Un­pack­ing the Aduhelm de­ci­sion, Ver­tex's half full glass, a $525M J&J breakup, and more

Welcome back to Endpoints Weekly, your review of the week’s top biopharma headlines. Want this in your inbox every Saturday morning? Current Endpoints readers can visit their reader profile to add Endpoints Weekly. New to Endpoints? Sign up here.

By now you have surely read about the FDA’s controversial approval of Biogen’s Alzheimer’s drug and all its reverberations. But I’d still recommend checking out the meaty recap below to make sure you didn’t miss all the angles that the Endpoints team has covered. If you’d rather look ahead, look no further than our three-day virtual panels next week at BIO, where we will discuss what the new normal means for every part of the industry.

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What does a clear ma­jor­i­ty of the bio­phar­ma in­dus­try think of the FDA ap­proval of ad­u­canum­ab? 'Hor­ri­fy­ing' 'Dan­ger­ous' 'Con­fus­ing' 'Dis­as­ter'

Over the years, we’ve become used to seeing a consensus emerge early in our industry polls at Endpoints News. And when we took the pulse of drug hunters on the heels of a controversial FDA approval for aducanumab this week, it became immediately apparent that the vast majority of our readers — heavily concentrated among biopharma staffers and execs — were incensed by what they had just witnessed.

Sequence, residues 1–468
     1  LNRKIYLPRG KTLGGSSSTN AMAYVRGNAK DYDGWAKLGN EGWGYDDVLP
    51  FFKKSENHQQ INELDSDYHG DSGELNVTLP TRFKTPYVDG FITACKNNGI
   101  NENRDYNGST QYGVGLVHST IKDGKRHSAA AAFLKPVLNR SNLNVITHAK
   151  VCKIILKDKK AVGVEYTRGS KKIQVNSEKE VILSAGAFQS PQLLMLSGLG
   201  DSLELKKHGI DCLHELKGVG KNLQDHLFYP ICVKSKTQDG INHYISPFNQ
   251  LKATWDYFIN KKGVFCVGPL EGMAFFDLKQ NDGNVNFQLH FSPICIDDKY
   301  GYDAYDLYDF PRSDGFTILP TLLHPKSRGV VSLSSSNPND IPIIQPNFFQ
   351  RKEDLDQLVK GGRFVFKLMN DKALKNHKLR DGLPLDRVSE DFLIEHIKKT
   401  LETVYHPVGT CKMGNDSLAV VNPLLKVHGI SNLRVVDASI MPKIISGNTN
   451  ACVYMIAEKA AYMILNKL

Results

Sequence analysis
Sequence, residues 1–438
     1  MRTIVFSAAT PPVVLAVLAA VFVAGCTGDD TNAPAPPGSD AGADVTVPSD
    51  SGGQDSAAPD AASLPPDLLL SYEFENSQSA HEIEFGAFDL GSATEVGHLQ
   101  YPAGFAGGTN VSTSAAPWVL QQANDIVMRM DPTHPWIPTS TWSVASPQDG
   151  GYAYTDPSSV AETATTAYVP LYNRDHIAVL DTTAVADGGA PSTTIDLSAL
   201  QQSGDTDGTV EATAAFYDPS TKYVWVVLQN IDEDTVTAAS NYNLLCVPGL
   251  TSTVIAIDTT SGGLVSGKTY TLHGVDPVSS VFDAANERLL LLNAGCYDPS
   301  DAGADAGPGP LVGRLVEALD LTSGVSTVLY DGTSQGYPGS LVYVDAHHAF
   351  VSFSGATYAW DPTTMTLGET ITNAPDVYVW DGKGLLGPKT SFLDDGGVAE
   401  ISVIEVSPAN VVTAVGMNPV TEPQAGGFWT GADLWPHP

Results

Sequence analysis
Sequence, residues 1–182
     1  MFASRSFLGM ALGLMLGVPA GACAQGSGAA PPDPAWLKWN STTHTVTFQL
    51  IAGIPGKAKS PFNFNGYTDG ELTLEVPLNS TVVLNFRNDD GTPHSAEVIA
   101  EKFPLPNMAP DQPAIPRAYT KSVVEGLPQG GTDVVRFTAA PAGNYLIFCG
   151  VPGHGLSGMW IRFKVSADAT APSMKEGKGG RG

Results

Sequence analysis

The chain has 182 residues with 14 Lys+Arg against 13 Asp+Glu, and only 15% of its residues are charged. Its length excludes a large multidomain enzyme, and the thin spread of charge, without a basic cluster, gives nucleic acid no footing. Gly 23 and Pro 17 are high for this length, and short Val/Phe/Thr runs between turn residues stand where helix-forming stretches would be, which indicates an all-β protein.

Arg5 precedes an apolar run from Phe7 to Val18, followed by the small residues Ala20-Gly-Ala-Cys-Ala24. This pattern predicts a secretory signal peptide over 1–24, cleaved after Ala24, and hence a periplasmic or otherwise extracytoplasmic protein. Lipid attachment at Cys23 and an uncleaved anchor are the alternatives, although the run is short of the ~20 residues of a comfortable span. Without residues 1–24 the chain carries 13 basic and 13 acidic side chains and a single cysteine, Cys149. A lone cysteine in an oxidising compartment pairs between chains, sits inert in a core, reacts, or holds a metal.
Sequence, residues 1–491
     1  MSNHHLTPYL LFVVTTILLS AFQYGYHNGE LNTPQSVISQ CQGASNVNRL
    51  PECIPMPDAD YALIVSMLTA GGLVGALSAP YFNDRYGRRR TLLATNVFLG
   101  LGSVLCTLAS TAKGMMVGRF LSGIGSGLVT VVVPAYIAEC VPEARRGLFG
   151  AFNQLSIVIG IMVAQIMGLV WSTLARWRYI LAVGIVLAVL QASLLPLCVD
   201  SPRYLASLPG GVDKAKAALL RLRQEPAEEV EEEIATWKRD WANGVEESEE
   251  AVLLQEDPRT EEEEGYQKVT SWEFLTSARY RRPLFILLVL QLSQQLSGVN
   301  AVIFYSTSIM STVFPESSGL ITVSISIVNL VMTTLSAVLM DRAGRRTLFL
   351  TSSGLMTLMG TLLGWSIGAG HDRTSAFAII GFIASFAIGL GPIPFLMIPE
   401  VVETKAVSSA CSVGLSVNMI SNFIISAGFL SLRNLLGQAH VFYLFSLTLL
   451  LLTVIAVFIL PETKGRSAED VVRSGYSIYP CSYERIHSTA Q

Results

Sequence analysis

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Aaron Kesselheim (Scott Eisen/AP Images for AIDS Healthcare Foundation)

Har­vard’s Aaron Kessel­heim re­signs from ex­pert pan­el in wake of ad­u­canum­ab OK, blast­ing FDA for ‘worst drug ap­proval de­ci­sion in re­cent U.S. his­to­ry'

A third member of the FDA’s Peripheral and Central Nervous System Drugs Advisory Committee has resigned in the wake of Biogen’s controversial Aduhelm approval, slamming the agency as he left and further deepening the controversy surrounding the decision.

Harvard University professor Aaron Kesselheim quit in protest Thursday afternoon, calling the Aduhelm OK “probably the worst drug approval decision in recent U.S. history.” Kesselheim follows both Joel Perlmutter, a neurologist from Washington University in St. Louis, and David Knopman, a neurologist from the Mayo Clinic, out the door.